World Library  
Flag as Inappropriate
Email this Article

Metyrapone

Article Id: WHEBN0000862178
Reproduction Date:

Title: Metyrapone  
Author: World Heritage Encyclopedia
Language: English
Subject: Cyproterone acetate, Cyanoketone, 20α,22R-Dihydroxycholesterol, 22R-Hydroxycholesterol, Cortodoxone
Collection: Antidepressants, Antiglucocorticoids, Pyridines, Steroid 11Β-Hydroxylase Inhibitors
Publisher: World Heritage Encyclopedia
Publication
Date:
 

Metyrapone

Metyrapone
Systematic (IUPAC) name
2-methyl-1,2-di(pyridin-3-yl)propan-1-one
Clinical data
Trade names Metopirone
AHFS/Drugs.com
Pregnancy cat.
Legal status
?
Routes Oral
Pharmacokinetic data
Half-life 1.9 ±0.7 hours.
Identifiers
CAS number  YesY
ATC code V04
PubChem
DrugBank
ChemSpider  YesY
UNII  YesY
KEGG  YesY
ChEBI  YesY
ChEMBL  YesY
Chemical data
Formula C14H14N2O 
Mol. mass 226.274 g/mol
 YesY   

Metyrapone (trade name Metopirone) is a drug used in the diagnosis of adrenal insufficiency and occasionally in the treatment of Cushing's syndrome (hypercortisolism).

Contents

  • Mechanism 1
  • Uses 2
    • Experimental use 2.1
  • References 3
  • See also 4
  • External links 5

Mechanism

Metyrapone blocks cortisol synthesis[1] by inhibiting steroid 11β-hydroxylase. This stimulates ACTH secretion, which in turn increases plasma 11-deoxycortisol levels.

Uses

Metyrapone can be used in the diagnosis of adrenal insufficiency. Metyrapone 30 mg/kg, maximum dose 3000 mg, is administered at midnight usually with a snack. The plasma cortisol and 11-deoxycortisol are measured the next morning between 8:00 and 9:00 am. A plasma cortisol less than 220 nmol/l indicates adequate inhibition of 11β-hydroxylase. In patients with intact Hypothalamo-pituitary-adrenal axis, CRH and ACTH levels rise as a response to the falling cortisol levels. This results in an increase of the steroid precursors in the pathway. Therefore if 11-deoxycortisol levels do not rise and remains less than 7 µg/dl (202 nmol/l) and ACTH rises, then it is highly suggestive of adrenal insufficiency, if neither 11-deoxycortisol nor ACTH rise it is highly suggestive of an impaired HPA axis at either the pituitary or hypothalamus.

Metyrapone test may aid in verifying the cause of Cushing's syndrome. Most patients with pituitary dysfunction and/or pituitary microadenoma will increase ACTH secretion in response to metyrapone, while most ectopic ACTH-producing tumors will not. Pituitary macroadenomas do not always respond to metyrapone.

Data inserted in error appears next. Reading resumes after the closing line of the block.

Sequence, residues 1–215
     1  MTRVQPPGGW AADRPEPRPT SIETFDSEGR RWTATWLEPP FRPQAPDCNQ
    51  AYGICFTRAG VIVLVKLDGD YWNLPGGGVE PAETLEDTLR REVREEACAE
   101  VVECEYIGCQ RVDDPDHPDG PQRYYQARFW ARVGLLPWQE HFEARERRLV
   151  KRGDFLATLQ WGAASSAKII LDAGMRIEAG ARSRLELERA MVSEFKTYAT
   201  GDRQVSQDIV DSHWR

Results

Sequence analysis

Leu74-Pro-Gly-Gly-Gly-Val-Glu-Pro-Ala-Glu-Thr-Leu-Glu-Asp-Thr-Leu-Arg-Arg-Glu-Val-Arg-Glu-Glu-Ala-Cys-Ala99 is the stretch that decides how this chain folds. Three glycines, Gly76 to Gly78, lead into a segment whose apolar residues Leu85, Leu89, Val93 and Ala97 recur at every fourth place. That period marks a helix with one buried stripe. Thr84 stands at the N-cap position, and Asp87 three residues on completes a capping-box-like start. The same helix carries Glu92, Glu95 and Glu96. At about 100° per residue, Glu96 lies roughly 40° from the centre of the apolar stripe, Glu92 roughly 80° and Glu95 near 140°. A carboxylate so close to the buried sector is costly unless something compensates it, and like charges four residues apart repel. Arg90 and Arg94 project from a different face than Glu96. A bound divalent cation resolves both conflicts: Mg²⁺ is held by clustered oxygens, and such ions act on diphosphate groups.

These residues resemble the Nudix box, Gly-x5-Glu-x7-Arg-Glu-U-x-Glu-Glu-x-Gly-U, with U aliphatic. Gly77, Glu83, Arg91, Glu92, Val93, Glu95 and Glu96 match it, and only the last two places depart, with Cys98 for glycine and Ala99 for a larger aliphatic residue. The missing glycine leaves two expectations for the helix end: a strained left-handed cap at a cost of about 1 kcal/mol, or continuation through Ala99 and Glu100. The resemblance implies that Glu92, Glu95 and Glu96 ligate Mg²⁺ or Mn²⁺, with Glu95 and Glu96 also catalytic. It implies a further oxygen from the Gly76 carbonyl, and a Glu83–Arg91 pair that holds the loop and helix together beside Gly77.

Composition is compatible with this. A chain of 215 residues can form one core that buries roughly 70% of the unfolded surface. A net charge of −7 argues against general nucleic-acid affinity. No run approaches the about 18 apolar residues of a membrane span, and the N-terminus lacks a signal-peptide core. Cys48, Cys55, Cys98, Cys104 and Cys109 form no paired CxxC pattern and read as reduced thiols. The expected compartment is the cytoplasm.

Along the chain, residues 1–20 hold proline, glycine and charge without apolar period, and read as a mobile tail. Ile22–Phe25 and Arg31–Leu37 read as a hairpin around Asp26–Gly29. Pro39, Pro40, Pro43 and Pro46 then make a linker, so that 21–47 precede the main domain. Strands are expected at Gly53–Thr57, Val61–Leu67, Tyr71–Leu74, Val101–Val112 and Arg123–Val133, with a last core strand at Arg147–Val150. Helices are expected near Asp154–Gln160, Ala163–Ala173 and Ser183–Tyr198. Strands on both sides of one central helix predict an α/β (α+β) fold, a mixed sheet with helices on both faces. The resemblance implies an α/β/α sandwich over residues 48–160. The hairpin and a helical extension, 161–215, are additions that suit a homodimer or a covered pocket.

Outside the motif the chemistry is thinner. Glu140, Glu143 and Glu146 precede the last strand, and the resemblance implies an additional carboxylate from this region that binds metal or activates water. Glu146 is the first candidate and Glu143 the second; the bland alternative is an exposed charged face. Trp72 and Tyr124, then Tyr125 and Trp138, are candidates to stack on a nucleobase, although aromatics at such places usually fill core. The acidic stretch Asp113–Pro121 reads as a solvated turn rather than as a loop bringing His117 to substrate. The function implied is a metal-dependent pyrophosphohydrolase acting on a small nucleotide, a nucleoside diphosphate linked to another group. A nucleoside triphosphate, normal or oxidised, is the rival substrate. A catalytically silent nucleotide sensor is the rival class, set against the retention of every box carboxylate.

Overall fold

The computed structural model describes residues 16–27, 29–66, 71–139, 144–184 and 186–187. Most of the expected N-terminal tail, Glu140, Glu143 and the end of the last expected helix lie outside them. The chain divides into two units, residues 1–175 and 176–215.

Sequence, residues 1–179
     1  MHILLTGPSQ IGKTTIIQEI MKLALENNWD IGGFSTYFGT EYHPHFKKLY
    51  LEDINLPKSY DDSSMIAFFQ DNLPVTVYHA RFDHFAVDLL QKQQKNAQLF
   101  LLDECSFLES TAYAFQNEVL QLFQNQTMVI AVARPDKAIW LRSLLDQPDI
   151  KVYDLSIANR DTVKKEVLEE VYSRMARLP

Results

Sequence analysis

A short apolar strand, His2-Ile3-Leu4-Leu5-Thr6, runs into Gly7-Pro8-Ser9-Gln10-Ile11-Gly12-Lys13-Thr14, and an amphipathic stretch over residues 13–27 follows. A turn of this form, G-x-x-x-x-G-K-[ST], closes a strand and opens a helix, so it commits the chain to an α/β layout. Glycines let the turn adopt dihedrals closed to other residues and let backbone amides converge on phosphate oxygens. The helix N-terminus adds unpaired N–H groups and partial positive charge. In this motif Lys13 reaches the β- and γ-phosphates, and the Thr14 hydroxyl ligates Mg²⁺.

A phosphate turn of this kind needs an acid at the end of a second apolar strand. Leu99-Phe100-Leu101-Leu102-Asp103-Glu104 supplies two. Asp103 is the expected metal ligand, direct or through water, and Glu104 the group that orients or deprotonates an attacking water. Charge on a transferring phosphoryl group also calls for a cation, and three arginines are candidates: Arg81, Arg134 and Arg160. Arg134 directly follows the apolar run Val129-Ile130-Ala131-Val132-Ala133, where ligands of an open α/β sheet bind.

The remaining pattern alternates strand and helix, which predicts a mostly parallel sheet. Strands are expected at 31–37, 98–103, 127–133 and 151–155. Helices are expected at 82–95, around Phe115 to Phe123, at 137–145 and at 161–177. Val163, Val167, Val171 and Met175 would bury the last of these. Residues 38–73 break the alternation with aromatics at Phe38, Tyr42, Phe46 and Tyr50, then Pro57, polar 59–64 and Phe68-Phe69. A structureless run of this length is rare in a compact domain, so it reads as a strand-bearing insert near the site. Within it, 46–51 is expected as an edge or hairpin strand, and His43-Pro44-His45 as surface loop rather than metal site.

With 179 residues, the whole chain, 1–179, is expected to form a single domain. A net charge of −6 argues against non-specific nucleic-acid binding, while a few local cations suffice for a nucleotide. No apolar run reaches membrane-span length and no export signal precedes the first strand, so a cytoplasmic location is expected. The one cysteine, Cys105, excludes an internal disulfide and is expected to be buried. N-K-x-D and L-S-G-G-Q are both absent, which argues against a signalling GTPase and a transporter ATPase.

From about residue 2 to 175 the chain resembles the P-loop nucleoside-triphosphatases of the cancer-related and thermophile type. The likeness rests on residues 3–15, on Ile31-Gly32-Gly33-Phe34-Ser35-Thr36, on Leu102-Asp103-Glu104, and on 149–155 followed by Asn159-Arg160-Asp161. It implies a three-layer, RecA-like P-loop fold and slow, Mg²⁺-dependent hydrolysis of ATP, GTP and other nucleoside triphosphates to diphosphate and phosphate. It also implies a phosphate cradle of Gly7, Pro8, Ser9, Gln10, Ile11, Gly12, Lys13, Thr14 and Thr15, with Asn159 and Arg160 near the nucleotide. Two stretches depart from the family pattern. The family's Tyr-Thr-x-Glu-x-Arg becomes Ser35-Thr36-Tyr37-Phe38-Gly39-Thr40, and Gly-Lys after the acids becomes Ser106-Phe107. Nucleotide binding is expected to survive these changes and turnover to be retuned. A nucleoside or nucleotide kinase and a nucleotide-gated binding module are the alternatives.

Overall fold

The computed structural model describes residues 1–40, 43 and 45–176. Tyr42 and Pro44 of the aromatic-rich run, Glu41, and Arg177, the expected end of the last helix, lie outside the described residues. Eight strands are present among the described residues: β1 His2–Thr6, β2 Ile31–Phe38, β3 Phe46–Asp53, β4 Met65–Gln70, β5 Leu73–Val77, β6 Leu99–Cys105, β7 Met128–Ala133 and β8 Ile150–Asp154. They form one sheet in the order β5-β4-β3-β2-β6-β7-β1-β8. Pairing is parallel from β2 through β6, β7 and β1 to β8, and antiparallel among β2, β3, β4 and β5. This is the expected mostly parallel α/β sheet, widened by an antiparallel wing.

Experimental use

Metyrapone has been found in early human trials to reduce recollection of emotional memories in normal volunteers. The volunteers showed significant impairment in ability to retrieve memories with negative emotional content while not impairing memories with neutral content. This has significant implication in the study of the process of emotional healing in post traumatic stress disorder.[2][3]

Due to the permissive action of cortisol on glucagon partial blockade of cortisol may reduce the effects of circulating glucagon in chronically increasing blood glucose in Syndrome X / type 2 diabetes.

References

  1. ^ Young EA, Ribeiro SC, Ye W (June 2007). "Sex Differences in ACTH Pulsatility following Metyrapone Blockade in Patients with Major Depression". Psychoneuroendocrinology 32 (5): 503–7.  
  2. ^ University of Montreal (27 May 2011). "Drug may help overwrite bad memories". Science Daily (online: ScienceDaily). Retrieved 27 May 2011. 
  3. ^ Marin, Marie-Frances; A. Hupbach; F. S. Maheu; K. Nader; S. J. Lupien. "Metyrapone Administration Reduces the Strength of an Emotional Memory Trace in a Long-Lasting Manner". Journal of Clinical Endocrinology & Metabolism. early release abstract (8): E1221.  

See also

External links

Huffington Post reports that Metyrapone may someday by used to manage PTSD by weakening those bad memories while keeping the good ones strong.

This article was sourced from Creative Commons Attribution-ShareAlike License; additional terms may apply. World Heritage Encyclopedia content is assembled from numerous content providers, Open Access Publishing, and in compliance with The Fair Access to Science and Technology Research Act (FASTR), Wikimedia Foundation, Inc., Public Library of Science, The Encyclopedia of Life, Open Book Publishers (OBP), PubMed, U.S. National Library of Medicine, National Center for Biotechnology Information, U.S. National Library of Medicine, National Institutes of Health (NIH), U.S. Department of Health & Human Services, and USA.gov, which sources content from all federal, state, local, tribal, and territorial government publication portals (.gov, .mil, .edu). Funding for USA.gov and content contributors is made possible from the U.S. Congress, E-Government Act of 2002.
 
Crowd sourced content that is contributed to World Heritage Encyclopedia is peer reviewed and edited by our editorial staff to ensure quality scholarly research articles.
 
By using this site, you agree to the Terms of Use and Privacy Policy. World Heritage Encyclopedia™ is a registered trademark of the World Public Library Association, a non-profit organization.
 


Copyright © World Library Foundation. All rights reserved. eBooks from Project Gutenberg are sponsored by the World Library Foundation,
a 501c(4) Member's Support Non-Profit Organization, and is NOT affiliated with any governmental agency or department.